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The Guardian - UK
The Guardian - UK
Emma Beddington

The ultimate woman for our time? Step forward, New York’s rat tsar

New sheriff in town … New York City ‘rat tsar’ Kathleen Corradi.
New sheriff in town … New York City ‘rat tsar’ Kathleen Corradi. Photograph: Bobby Caina Calvan/AP

I have a girl crush: Kathleen Corradi, NYC’s newly-appointed “rat tsar”. The former elementary school teacher responded to the city’s search for someone “bloodthirsty” enough to tackle the city’s all-time-high rodent population (primary school will do that to a person). At a press conference, Corradi, wearing shades and a black turtleneck, looked spectacularly badass as she declared, “You’ll be seeing a lot more of me – and a lot less rats … There’s a new sheriff in town.” Swoon.

I’m conflicted, though. I quite like rats and admire their initiative and intelligence as only someone who hasn’t had to share living space with them can. As a bleeding-heart animal lover, I sympathise with the Parisian animal rights group Zoopolis, which has campaigned to stop the massacre of municipal rats: surely there are more humane solutions, such as rat contraception. (Or, as one New Yorker cartoon suggested, “teach the rats ethical non-monogamy until none of the rats wants to settle down and procreate”.)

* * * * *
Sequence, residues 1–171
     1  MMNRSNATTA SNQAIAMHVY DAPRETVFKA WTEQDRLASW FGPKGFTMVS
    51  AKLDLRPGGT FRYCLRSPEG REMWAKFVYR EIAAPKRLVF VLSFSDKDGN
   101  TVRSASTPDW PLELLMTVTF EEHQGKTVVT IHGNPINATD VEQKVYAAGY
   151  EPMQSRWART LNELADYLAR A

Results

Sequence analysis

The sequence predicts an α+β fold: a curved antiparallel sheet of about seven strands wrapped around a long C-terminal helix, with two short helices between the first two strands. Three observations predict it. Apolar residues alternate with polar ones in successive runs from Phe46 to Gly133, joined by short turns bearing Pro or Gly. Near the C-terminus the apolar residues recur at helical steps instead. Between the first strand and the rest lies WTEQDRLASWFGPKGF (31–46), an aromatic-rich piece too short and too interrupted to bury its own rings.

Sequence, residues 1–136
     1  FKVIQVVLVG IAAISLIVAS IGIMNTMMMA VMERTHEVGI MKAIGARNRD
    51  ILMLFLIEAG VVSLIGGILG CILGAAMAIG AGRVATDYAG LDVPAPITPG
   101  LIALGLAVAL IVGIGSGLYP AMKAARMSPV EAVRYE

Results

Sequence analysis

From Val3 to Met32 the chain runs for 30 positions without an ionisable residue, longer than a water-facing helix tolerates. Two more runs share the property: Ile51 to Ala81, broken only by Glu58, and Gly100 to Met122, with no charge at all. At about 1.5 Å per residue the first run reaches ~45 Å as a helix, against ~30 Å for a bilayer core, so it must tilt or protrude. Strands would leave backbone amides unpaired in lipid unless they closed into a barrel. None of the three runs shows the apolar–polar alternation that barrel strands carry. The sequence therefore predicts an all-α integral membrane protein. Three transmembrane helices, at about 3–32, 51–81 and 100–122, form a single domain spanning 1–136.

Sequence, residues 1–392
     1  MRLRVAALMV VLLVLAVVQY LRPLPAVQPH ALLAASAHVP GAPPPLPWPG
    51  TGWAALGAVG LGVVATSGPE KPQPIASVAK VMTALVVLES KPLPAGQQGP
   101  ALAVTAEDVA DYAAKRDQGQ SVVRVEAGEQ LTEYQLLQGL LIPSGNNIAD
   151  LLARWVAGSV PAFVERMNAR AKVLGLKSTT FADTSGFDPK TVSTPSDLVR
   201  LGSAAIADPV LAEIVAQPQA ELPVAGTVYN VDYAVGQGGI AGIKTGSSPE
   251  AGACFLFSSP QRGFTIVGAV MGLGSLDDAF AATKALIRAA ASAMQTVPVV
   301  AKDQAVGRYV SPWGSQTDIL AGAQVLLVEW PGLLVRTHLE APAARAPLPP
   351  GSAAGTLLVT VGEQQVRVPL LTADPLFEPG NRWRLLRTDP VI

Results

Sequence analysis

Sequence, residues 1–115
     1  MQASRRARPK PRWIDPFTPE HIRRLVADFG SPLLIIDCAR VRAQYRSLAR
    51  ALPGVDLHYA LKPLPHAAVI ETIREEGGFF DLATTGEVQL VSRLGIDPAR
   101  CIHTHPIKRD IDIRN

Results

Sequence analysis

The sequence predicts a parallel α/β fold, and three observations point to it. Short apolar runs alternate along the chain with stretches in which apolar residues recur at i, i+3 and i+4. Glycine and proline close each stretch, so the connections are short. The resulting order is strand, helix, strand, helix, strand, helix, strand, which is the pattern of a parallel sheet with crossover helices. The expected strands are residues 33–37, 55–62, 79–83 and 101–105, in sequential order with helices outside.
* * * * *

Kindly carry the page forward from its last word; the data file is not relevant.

But then I read a recent New York Times account of what awaits Corradi: the rat that “parkoured” off a woman’s leg in her second-floor flat; the man bitten by a rat he was trying to rescue from his dog, or the woman who witnessed a fight to the death between two warring rats. These rodents are a special, elite breed in the mould of pizza rat, the furry legend filmed industriously dragging a New York slice down the subway stairs. They need a worthy adversary: Corradi.

Compare and contrast the rat we caught here, recently. I went into the garden to find my hens shrieking in horror at a chunky chap pottering around the borders. My husband baited and put out his humane rat trap – he’s worried about his tortoises getting nibbled, which is apparently a (horrifying) thing – and within minutes it was in there, looking baffled. He drove it to a field and let it out, where it remained motionless, still looking baffled. My husband now thinks he’s ready to come for Corradi’s crown; I just think old York rats wouldn’t last a second on the streets of New York.

• Emma Beddington is a Guardian columnist

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